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Re: Review of Authoritative Metadata

From: Roy T. Fielding <fielding@gbiv.com>
Date: Mon, 27 Mar 2006 13:48:44 -0800
Message-Id: <97549A67-F4E5-4938-962A-6B754EC9B710@gbiv.com>
Cc: <www-tag@w3.org>
To: "Rice, Ed (ProCurve)" <ed.rice@hp.com>

On Mar 27, 2006, at 12:23 PM, Rice, Ed (ProCurve) wrote:
> Roy/TAG,
> Some thoughts on the latest Authoritative Metadata paper at
> http://www.w3.org/2001/tag/doc/mime-respect-20060307
> 1 - In Section 2 you state "For Web architecture, a design choice has
> been made that metadata received in an encapsulating container MUST be
> considered authoritative.."
> 	Question:  Is this a 'design choice' or a 'determination'?  A
> design choice seems to leave it open to more interpretation than a TAG
> determination..

I'm not sure that I detect any difference between those terms, but in
any case the choice was made back in the 1992-93 timeframe (pre-TAG).
The TAG is simply reiterating that choice for the reasons given.

> 2 - 3.3 external reference metadata is least authoritative.
> 	Question: In deference to most html, doc types I would agree.
> Is the same true however to xml?  Is the WSDL least authoritative in
> regards to a SOAP message?  I believe by definition the WSDL is THE
> authoritative source as to the format of the doc when it comes to web
> services (please correct me if I'm wrong).  Clearly in this  
> instance the
> WSDL would specify xml, but the element structure/types within the xml
> are also defined in the meta data of the WSDL.  I would also think the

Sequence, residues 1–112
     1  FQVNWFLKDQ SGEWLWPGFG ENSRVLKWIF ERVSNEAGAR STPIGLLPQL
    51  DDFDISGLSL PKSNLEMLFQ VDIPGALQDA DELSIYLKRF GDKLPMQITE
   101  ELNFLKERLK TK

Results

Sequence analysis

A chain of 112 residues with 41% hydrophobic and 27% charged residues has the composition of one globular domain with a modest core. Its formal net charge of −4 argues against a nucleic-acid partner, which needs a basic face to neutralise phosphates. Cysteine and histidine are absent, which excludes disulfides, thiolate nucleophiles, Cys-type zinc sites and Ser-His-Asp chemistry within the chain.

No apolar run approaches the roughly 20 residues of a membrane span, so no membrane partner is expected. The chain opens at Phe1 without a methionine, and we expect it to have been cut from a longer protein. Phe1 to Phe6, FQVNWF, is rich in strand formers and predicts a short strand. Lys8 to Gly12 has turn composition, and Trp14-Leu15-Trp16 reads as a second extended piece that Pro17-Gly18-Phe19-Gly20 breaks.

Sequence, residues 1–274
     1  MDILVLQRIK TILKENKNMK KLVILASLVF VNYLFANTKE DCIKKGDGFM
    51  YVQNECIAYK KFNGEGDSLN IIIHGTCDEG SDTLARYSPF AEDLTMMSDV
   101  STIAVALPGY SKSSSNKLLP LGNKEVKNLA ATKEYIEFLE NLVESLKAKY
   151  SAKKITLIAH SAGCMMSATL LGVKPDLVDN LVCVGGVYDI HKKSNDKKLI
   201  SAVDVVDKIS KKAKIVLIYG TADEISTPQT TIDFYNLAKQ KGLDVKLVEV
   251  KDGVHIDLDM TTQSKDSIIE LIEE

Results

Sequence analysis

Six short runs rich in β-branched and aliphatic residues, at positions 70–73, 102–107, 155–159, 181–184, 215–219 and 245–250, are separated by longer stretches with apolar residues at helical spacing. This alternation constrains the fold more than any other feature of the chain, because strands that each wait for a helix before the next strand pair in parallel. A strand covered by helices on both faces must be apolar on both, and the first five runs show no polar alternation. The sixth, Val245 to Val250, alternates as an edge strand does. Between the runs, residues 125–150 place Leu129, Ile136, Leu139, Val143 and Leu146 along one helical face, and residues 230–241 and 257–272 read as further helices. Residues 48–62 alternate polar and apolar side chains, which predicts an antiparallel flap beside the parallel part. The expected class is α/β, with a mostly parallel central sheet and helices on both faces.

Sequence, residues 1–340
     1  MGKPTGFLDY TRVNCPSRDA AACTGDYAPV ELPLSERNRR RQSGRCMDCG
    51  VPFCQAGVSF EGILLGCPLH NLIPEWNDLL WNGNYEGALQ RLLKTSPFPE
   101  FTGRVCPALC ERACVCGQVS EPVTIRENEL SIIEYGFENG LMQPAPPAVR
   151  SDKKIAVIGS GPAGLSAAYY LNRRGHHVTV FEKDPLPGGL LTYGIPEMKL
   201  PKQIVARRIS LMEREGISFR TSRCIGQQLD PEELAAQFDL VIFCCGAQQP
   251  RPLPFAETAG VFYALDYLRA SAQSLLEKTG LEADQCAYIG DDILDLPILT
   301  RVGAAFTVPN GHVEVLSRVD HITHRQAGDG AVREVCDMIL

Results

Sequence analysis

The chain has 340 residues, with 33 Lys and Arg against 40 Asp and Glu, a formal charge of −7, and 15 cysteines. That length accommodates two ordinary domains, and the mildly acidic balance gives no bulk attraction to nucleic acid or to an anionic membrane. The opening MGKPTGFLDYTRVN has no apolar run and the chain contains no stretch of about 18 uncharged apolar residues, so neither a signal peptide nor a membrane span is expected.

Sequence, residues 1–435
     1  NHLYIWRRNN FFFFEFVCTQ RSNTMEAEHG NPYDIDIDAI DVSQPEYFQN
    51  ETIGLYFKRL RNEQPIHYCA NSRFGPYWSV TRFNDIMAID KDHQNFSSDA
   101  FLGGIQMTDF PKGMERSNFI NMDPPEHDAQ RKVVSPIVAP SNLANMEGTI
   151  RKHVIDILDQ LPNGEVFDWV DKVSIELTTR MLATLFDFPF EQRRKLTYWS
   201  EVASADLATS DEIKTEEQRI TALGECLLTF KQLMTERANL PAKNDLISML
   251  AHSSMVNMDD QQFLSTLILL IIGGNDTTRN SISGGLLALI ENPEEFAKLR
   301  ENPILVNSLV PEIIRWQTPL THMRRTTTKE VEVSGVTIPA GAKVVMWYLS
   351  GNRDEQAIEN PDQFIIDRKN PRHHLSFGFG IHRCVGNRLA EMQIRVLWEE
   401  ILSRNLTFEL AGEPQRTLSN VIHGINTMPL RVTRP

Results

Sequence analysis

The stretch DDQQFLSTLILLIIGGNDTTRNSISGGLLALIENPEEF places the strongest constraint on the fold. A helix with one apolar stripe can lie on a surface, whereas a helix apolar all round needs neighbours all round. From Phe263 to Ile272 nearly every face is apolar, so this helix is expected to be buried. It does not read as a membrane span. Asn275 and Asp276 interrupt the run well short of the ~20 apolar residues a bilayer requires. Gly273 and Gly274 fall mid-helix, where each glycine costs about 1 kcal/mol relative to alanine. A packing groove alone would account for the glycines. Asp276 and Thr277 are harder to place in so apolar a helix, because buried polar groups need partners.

> same applies to an xml/xsd relationship where the xsd is the
> authoritative source regarding the structure of the xml?

I don't think so.  WSDL may define the rules for constructing a SOAP
message, but the recipient has to read the message to determine
what the message means.  WSDL is OOB data that isn't even relevant
unless the SOAP metadata references the WSDL, in which case the SOAP
metadata is authoritative because that is where the decision is made.

I think you are confusing authoritative with definitive.  The WSDL is
definitive once it is referenced by the SOAP message, but the SOAP
message is being authoritative when it references the WSDL definition.
If the SOAP message is well-formed but incorrect, then the fact that
the message references the WSDL allows the processor to determine
that the message is incorrect.  It does not change the meaning of the
message.  This would be in contrast to a SOAP message that doesn't
reference the WSDL at all -- the request may succeed or fail, but the
message is assumed correct because there is nothing (aside from the
SOAP messaging format) to measure its correctness against.

In any case, SOAP messaging has no connection to the Web, AFAICT,
and certainly doesn't adhere to Web architecture, so I have a hard
time caring whether or not it fits the finding (even when it does).

Received on Monday, 27 March 2006 21:49:08 UTC

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